“This journey is not only a possibility; it’s a necessity. It is something I believe everyone should embark on at least once in their lifetime. For talking to people who were there, on the ground, witnessing the violence, the hatred, and also the heroism. For meeting people like Mr. Emerson and Ms. Bland; listening to the unheard voices that the media didn’t cover, that you can’t ever know unless you meet them in person. And these voices are fading, there is not much time before they pass from our world. It is imperative that as many people as possible go and listen to them and share their stories so they will never be forgotten.”
“Our trip down south was the most impactful experience for me, as I suspect it was for a lot of the cohort as well. Compassion and grace are two words I keep thinking about. I've been thinking a lot about what home means to me — which people, which neighborhoods? I've been thinking about all of the ordinary people we met throughout our trip who decided that they were the right person to get involved, because it's not about one iconic historical figure but a movement of people that decide, in any moment, to commit to justice.”
Receive training in community organizing and facilitation skills and have the opportunity to lead programming or advocacy for peers on Barnard and Columbia's campuses.
“Community building is hard work. It requires introspection, vulnerability, and communication. But what you get out of it is a community — a beautiful network of solidarities and connections and friends.”
“You will learn as much about yourself as you learn about the friends and communities you engage with in your cohort. I have learned to embrace discomfort and lean into that space where everything feels new and a little uncertain; that's where the learning happens, it's where the growth happens.”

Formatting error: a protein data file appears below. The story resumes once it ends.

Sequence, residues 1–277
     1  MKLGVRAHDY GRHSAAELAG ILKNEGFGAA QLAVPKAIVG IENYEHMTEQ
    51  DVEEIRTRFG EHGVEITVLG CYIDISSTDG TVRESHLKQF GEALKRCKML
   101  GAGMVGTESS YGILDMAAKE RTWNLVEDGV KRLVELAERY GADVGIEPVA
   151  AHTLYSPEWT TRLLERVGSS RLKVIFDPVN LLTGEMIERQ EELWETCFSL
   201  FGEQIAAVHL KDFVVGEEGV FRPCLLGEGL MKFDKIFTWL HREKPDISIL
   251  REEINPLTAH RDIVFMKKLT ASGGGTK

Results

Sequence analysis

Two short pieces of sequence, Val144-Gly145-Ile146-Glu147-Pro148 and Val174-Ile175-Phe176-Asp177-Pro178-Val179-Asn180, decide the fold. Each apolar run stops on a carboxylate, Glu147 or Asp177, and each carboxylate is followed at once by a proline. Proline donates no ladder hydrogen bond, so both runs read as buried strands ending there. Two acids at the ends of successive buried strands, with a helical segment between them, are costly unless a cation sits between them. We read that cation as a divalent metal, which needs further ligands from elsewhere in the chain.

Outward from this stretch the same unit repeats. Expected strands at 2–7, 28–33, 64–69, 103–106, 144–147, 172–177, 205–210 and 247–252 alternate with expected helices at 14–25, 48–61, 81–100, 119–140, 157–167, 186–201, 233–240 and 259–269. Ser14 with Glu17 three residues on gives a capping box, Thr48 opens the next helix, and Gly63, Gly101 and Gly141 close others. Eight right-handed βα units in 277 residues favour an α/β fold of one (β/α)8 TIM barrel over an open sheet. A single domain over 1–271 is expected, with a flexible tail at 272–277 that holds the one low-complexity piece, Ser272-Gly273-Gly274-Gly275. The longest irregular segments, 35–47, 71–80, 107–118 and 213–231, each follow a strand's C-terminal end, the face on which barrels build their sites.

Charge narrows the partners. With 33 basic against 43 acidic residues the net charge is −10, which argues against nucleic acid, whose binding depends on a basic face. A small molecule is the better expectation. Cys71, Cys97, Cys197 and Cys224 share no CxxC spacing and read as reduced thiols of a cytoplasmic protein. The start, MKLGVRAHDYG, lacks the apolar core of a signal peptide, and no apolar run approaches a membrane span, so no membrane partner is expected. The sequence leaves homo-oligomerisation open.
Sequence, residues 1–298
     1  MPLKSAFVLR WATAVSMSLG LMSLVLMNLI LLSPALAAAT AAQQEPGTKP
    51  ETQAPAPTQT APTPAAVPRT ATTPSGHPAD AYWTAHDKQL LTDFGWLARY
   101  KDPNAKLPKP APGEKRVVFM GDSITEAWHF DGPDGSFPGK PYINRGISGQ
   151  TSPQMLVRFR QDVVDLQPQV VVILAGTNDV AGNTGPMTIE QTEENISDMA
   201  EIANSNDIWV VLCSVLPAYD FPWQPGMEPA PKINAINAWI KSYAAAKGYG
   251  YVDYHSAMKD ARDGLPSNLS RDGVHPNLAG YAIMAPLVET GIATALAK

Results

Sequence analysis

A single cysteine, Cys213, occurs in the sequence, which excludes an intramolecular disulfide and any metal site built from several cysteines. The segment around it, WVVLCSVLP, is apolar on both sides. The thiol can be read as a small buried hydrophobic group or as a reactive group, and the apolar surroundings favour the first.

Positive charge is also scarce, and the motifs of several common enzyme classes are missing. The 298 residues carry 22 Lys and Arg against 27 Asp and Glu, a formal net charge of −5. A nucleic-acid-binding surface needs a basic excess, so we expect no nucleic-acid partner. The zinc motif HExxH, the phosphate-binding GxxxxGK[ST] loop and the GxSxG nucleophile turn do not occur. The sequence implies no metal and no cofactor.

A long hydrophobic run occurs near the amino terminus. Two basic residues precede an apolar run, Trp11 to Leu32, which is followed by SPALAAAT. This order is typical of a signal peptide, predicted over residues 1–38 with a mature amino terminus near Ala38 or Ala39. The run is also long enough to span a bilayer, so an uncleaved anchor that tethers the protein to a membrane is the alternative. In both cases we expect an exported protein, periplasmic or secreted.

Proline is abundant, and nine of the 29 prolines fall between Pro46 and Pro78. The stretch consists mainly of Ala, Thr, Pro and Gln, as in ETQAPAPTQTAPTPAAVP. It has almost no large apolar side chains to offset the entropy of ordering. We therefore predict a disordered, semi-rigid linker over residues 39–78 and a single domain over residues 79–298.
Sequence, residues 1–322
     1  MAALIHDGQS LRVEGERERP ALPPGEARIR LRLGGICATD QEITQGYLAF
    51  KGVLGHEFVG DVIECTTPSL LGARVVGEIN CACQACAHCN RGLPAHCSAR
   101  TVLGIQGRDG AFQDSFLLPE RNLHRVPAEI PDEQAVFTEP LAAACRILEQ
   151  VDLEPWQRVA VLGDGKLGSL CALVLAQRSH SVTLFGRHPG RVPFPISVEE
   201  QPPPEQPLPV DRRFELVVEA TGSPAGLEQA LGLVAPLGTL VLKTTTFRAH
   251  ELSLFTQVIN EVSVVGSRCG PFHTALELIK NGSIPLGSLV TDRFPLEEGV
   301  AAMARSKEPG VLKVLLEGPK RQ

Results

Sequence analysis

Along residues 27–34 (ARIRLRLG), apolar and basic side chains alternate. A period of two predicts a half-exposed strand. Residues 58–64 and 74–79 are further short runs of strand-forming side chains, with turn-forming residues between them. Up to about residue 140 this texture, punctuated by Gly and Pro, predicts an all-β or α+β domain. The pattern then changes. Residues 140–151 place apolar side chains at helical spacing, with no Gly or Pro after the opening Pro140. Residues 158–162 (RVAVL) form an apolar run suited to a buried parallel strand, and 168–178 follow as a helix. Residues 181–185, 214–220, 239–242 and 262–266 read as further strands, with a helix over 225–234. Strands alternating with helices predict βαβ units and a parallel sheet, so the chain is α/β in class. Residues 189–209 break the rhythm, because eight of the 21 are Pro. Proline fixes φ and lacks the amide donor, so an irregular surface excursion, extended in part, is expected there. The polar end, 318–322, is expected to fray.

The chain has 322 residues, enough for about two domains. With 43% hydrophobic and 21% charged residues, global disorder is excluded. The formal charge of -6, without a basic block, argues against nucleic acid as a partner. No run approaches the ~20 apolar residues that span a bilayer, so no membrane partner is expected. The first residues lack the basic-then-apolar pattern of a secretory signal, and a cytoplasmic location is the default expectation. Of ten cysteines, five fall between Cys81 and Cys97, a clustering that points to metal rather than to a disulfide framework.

Frequently Asked Questions
What is Sankofa Tzedek?
We bring together a cohort of students on campus for a year of personal identity development, intergroup dialogue, intercultural learning, transformational travel and social justice education that centers the experiences and histories of Black and Jewish communities. Through friendship-building; sustained dialogue on social identity, power and privilege and activism; and an exploration of the histories of Black and Jewish communities in New York City and the U.S. South, students will build transformational relationships; solidify a commitment to intercommunity solidarity for the purpose of ending racism, antisemitism and all forms of oppression; and acquire skills for being effective dialogue leaders on campus.
Why was this program created?
Black and Jewish communities, once seen as natural allies in various social movements, have faced increasing separation and tension in recent decades. Recent news headlines include questions about the role of Jewish social justice organizations in anti-racism work, disagreements about how Black leaders should respond to antisemitism, political debates about Palestine and Israel and more. These public tensions tend to make invisible the voices of Black Jews and lead to increasing separation of Black and Jewish communities. On campus, we see — if not outright tension — few opportunities for meaningful connections among Black and Jewish student organizations and administrative programs.
Who should join this cohort? Who will be facilitating?